Let's give it this much: Jacques Doillon's tough-sit sex-life-of-the-artist boob-a-palooza looks great, especially in its opening moments. Rodin's first scene, an arresting long take, finds the great sculptor Auguste Rodin thinking away in his wide cinder block of a studio, scheming out a great work that would take him decades to complete: The Gates of Hell, inspired by Dante's Inferno. The hands and heads of the damned -- sculpted by students and assistants -- surround him.
The story kicks in before that shot cuts off. Rodin marches to side room, where a young woman, his student, is toiling. It's clear, immediately, that the woman -- Camille Claudel (Izia Higelin) -- is also his lover, and that their relationship is as prickly as it is passionate. What's less clear, at first, is that she is gripped by her own genius, a fact the film's only tangentially interested in. It really doesn't care, much, about what women do with their clothes on.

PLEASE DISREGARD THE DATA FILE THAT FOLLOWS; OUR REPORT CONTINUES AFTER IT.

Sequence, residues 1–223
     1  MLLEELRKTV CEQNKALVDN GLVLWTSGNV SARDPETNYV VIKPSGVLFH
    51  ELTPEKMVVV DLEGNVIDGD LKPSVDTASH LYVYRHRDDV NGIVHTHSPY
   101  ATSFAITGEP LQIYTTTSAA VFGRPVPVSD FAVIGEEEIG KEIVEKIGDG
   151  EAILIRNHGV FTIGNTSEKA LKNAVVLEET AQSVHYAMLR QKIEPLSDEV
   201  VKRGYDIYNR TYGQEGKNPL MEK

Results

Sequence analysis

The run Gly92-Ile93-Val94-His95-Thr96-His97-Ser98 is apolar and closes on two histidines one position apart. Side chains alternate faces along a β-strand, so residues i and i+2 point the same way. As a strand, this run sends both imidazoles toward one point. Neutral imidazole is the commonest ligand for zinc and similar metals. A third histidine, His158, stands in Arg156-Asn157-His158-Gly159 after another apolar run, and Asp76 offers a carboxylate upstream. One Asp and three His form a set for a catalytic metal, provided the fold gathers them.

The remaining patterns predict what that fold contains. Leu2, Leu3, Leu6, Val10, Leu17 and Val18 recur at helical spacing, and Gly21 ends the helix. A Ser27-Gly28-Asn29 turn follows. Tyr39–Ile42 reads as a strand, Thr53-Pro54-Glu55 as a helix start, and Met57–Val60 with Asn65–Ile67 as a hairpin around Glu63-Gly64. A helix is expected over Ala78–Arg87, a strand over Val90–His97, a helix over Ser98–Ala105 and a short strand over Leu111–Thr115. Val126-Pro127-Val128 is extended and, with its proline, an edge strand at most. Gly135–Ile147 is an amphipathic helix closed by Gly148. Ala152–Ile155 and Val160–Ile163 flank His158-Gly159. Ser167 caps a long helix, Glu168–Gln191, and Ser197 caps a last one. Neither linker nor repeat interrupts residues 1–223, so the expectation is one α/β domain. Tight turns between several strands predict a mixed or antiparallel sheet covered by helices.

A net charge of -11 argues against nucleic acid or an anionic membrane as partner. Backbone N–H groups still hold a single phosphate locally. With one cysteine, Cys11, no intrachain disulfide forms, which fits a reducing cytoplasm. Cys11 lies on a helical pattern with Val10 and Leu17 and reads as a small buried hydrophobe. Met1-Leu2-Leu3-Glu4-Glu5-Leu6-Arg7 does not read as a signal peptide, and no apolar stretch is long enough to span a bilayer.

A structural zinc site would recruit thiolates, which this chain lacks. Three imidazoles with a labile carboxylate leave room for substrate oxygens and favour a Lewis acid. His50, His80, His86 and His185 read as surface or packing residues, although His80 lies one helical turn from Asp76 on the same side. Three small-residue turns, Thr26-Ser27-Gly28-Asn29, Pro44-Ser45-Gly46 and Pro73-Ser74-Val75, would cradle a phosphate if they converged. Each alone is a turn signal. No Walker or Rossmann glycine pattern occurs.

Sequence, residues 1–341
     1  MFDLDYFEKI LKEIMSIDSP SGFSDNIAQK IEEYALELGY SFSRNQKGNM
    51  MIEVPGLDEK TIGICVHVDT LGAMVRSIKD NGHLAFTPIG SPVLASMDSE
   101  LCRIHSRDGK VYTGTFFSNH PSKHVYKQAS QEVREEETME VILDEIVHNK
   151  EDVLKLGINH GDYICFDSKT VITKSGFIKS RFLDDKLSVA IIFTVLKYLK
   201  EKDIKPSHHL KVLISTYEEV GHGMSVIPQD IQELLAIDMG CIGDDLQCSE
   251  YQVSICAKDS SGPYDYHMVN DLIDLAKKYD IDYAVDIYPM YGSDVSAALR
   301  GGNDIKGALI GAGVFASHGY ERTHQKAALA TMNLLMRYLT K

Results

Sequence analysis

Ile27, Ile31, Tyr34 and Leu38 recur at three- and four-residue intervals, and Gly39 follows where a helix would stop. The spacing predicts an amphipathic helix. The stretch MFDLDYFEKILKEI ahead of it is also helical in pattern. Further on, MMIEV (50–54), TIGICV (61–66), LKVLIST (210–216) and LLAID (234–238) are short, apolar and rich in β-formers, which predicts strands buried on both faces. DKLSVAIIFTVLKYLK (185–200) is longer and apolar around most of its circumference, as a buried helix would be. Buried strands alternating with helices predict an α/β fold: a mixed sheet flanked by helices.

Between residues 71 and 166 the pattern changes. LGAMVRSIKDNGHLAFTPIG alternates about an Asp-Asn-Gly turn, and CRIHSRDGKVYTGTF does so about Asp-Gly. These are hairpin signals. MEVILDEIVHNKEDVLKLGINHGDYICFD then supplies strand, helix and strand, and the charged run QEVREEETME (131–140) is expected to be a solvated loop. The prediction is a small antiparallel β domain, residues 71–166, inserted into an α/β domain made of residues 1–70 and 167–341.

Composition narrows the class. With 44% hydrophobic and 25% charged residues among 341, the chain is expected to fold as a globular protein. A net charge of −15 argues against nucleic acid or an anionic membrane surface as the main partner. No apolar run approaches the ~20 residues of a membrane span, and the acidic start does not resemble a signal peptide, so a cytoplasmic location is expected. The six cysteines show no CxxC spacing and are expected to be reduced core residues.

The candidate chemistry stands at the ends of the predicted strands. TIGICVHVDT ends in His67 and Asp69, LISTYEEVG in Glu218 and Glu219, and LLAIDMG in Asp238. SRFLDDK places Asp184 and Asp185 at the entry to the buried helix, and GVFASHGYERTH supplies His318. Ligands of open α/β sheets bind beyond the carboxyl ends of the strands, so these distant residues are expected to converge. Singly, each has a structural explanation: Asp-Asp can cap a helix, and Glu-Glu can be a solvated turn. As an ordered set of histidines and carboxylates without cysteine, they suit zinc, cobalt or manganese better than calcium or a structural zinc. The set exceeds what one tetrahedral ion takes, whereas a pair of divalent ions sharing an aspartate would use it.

Unlike Bruno Nuytten's Camille Claudel, Doillon's film only shows us Claudel as Rodin knew her: as the one lump of clay or flesh he can't shape himself. Other than the sets and facsimiles of sculptures, Higelin is the most engaging thing in Rodin, its heat and its heart. Her Claudel at first is all eagerness and promise, dancing high-spirited rings around her older, often inexpressive lover. He spends the next years of his life moping over her once the affair goes sour. You might mope, too, when she's suddenly gone from the movie -- when we're left to regard the miserable moments of a miserable man, wandering his studio, cheering himself up by intensely regarding the naked flesh of his models.